Every weekend, I've been going out to the shed to try out this lathe, and these tools, and see if I can make them work together. So far, it has served to illustrate why I don't need to invest in any amazing, exotic wood yet. I have much to learn.
Opus #1: Wooden Knife
I started here, because it's one of the few lathe pieces I've seen made in person. The fellow just down the block at Whetstone Woodenware was doing a demonstration, popping out these wooden butter spreaders at the rate of one every few minutes, making it look oh-so-easy. It's not.
The wood kept popping out of the lathe, and the offset weight of the blade made the piece vibrate so much that I couldn't really get a good cut, and at one point the friction from the dead-center actually caused the piece to catch fire. Once I oiled the dead-center and removed some wood from the blade, lightening it, things were easier, but by that time, things had gone so far away from what I intended, that I gave up. I blunted the edge, and gave it to the kids to play with.
Opus #2: Candleholder
I've been fascinated with "natural edge" turning, and tried to pull that off with this made-from-a-log candlestick. A lot of things went well... and a lot didn't. The green wood cut like butter, but dried like sandpaper. I got a curve perfect, and then I'd catch the edge of the chisel and create an ugly gouge. In the end, though, I ended up pleasing Deborah immensely when I came in to get some candles to measure the size of the hole, and all we had left were these smaller Christmas candles... which we've never burned because we've never had a holder for them. Now we do.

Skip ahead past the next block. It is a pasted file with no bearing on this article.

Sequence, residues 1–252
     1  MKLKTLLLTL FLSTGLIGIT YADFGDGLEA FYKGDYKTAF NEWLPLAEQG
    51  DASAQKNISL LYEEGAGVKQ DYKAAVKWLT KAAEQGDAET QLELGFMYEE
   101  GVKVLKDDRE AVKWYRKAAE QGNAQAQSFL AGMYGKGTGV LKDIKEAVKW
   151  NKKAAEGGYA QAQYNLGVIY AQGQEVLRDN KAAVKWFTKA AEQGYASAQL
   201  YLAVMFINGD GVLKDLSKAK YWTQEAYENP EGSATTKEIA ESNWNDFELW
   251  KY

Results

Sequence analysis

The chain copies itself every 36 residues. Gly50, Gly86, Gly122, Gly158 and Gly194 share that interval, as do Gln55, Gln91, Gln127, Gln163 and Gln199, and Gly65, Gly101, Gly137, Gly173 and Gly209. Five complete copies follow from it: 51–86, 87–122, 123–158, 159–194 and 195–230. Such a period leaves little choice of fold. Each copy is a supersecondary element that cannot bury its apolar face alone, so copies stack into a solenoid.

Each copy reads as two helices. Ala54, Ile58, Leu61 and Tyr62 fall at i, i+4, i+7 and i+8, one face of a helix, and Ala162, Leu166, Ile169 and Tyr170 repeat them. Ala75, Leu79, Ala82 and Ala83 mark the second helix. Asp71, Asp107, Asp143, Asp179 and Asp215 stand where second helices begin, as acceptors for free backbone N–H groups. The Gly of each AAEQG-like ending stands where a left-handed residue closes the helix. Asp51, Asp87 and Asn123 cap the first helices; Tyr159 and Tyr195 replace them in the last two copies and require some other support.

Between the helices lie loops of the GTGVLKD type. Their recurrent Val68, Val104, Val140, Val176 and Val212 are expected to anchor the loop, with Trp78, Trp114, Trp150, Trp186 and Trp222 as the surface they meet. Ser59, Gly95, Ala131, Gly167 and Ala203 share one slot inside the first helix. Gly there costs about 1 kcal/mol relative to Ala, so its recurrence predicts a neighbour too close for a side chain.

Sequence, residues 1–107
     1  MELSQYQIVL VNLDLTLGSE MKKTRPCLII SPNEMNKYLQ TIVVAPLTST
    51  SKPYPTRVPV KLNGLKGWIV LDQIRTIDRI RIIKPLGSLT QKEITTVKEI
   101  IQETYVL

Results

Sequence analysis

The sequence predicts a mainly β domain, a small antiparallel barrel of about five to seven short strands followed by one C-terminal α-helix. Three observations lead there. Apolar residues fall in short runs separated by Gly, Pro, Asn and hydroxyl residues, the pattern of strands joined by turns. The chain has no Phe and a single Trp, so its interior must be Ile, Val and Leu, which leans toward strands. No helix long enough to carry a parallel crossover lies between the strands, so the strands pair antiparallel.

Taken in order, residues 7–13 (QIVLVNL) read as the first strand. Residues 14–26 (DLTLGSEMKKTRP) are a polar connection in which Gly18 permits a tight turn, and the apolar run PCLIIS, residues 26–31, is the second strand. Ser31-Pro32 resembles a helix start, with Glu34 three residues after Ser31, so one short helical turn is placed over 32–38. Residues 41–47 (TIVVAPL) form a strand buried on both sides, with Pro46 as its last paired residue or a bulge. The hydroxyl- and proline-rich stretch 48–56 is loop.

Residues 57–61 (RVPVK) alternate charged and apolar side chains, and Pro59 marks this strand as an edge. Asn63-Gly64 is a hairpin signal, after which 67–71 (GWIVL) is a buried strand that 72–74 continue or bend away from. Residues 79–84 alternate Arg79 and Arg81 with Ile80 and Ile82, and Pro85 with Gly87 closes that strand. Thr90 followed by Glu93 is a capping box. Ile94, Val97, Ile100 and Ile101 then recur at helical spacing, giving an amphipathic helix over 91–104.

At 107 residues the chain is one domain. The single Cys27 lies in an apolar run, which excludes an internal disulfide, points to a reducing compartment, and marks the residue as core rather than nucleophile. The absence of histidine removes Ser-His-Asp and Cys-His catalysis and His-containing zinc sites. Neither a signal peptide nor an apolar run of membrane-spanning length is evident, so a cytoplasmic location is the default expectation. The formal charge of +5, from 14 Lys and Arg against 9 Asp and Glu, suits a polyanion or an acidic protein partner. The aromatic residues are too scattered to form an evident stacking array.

Opus #3: Magic Wand
Ah, success. This is the first piece I've done that actually looks like what I set out to make.
Fortunately, I had to take off so much wood that I could make a lot of mistakes and figure out a number of things by the time I got things down to their intended size. Somewhere near the end, I realized that the whole lathe was vibrating, throwing off the cut. I stopped the lathe and added three 10-pound weightlifting plates to the top. Much smoother. Hmmm. I'll have to figure out a way to add more. I ended up taking off the last ⅛" with sandpaper, but the results were worth the time it took.
* My apologies to James Spinti, former Latin teacher — I know the plural of opus is opera, but using that in the title would confuse people with a musical performance, or the browser software. I used the Anglicized version instead.